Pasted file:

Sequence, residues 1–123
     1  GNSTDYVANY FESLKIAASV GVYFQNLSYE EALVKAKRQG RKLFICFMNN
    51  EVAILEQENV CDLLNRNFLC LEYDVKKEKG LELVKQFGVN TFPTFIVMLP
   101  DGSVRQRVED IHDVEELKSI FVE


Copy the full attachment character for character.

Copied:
Sequence, residues 1–123
     1  GNSTDYVANY FESLKIAASV GVYFQNLSYE EALVKAKRQG RKLFICFMNN
    51  EVAILEQENV CDLLNRNFLC LEYDVKKEKG LELVKQFGVN TFPTFIVMLP
   101  DGSVRQRVED IHDVEELKSI FVE